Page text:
• As per the Union of India v H.S.Dhillon (1972), the constitutionality of parliamentary laws can be challenged only on two grounds i.e. the subject is in the State List or that it violates fundamental rights.
  • The Farmers (Empowerment and Protection) Agreement on Price Assurance and Farm Services Act, 2020, and The Farmers’ Produce Trade and Commerce (Promotion and Facilitation) Act, 2020 do not mention the constitutional provisions under which Parliament has the power to legislate on the subjects covered.

The Seventh Schedule of the Constitution:

  • It contains three lists that distribute power between the Centre and states:
    • There are 97 subjects in the Union List, on which Parliament has exclusive power to legislate (Article 246);
    • The State List has 66 items on which states alone can legislate;
    • The Concurrent List has 47 subjects on which both the Centre and states can legislate; and
    • In case of a conflict, the law made by Parliament prevails (Article 254).
    • The Parliament can legislate on an item in the State List under certain specific circumstances laid down in the Constitution.

Source: Indian Express

The Essential Commodities (Amendment) Bill, 2020


Parliament has passed The Essential Commodities (Amendment) Bill, 2020. The Bill replaces an Ordinance promulgated in June 2020 and amends the Essential Commodities Act, 1955.


  • The Essential Commodities Act, 1955 was used to curb inflation by allowing the Centre to enable control by state governments of trade in a wide variety of commodities.
  • The states imposed stock limits to restrict the movement of any commodity deemed essential. It helped to discourage the hoarding of items, including food commodities, such as pulses, edible oils, and vegetables.
    • However, the Economic Survey 2019-20 highlighted that government intervention under the ECA 1955 often distorted agricultural trade while being totally ineffective in curbing inflation.


  • The Bill was passed in Rajya Sabha by a voice vote, in the absence of the Opposition, which boycotted proceedings.
  • The Bill aims to remove fears among private investors of excessive regulatory interference in their business operations.
  • The bill removes cereal, pulses, oilseed, edible oil, onion, and potatoes from the list of essential commodities.
  • It ensures that the interests of consumers are safeguarded by regulating agricultural foodstuff in situations such as war, famine, extraordinary price rise, and natural calamity.
    • However, the installed capacity of a value chain participant and the export demand of an exporter will remain exempted from such regulation so as to ensure that investments in agriculture are not discouraged.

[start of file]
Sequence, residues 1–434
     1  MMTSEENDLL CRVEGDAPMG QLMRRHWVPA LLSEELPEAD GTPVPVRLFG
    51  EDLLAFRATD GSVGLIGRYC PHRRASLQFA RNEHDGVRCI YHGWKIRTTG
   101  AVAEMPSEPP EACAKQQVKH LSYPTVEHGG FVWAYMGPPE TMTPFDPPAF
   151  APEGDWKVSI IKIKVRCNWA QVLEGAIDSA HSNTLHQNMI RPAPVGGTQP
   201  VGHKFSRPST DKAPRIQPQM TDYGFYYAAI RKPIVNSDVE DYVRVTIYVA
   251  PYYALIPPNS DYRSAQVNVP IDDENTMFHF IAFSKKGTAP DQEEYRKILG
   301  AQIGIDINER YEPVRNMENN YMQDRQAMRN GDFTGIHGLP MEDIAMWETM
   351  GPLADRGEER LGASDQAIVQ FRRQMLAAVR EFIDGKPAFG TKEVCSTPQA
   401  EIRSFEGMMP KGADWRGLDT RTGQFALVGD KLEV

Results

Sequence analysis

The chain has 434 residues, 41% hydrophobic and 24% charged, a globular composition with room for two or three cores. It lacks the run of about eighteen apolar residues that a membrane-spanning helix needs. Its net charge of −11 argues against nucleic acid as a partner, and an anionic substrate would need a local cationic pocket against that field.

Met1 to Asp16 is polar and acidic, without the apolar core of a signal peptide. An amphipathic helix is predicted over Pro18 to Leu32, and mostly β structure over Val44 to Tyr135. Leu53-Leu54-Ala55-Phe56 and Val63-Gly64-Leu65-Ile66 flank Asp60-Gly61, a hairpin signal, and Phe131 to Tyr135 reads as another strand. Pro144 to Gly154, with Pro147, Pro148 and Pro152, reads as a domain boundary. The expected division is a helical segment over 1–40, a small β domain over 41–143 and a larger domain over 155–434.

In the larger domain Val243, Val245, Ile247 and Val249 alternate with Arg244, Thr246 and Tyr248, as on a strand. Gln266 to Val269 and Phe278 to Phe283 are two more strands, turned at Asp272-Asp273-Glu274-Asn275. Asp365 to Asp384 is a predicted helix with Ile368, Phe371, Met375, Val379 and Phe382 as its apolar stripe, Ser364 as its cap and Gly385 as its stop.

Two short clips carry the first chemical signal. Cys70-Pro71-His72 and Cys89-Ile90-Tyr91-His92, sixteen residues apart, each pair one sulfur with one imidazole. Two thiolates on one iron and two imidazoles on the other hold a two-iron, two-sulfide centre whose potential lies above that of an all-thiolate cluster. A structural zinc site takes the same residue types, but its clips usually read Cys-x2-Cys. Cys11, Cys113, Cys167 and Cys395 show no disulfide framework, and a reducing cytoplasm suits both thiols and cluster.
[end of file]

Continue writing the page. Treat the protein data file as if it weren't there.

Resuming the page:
• The freedom to produce, hold, move, distribute, and supply will lead to harnessing economies of scale and attract private sector/foreign direct investment into the agriculture sector.
  • It will help drive up investment in cold storage and modernization of the food supply chain.
  • The government, while liberalizing the regulatory environment, has also ensured that the interests of consumers are safeguarded. It has been provided in the amendment that in situations such as war, famine, extraordinary price rise, and natural calamity, such agricultural foodstuff can be regulated.
  • This amendment prevents wastage of agricultural produce due to a lack of storage facilities.
  • With the Food Corporation of India controlling stocks before, there were less investment and buyers. Farmers often hoarded for six months to get a better price, and their products often rotted. The possibility of export will benefit farmers.”
  • The Bill ensures farm sector transformation and a stable regime while increasing farmer income, 

Source: Indian Express

The Indian Institutes of Information Technology Bill 2020


The Parliament has passed a Bill to declare five newly established Indian Institutes of Information Technology (IIITs) as institutions of national importance.

  • The five new IIITs set up under the Public-Private Partnership mode are in Surat, Bhopal, Bhagalpur, Agartala, and Raichur.
  • Currently, these institutes are registered as Societies under the Societies Registration Act, 1860, and do not have the power to grant degrees or diplomas.


  • IIITs are envisaged to promote higher education and research in the field of Information Technology.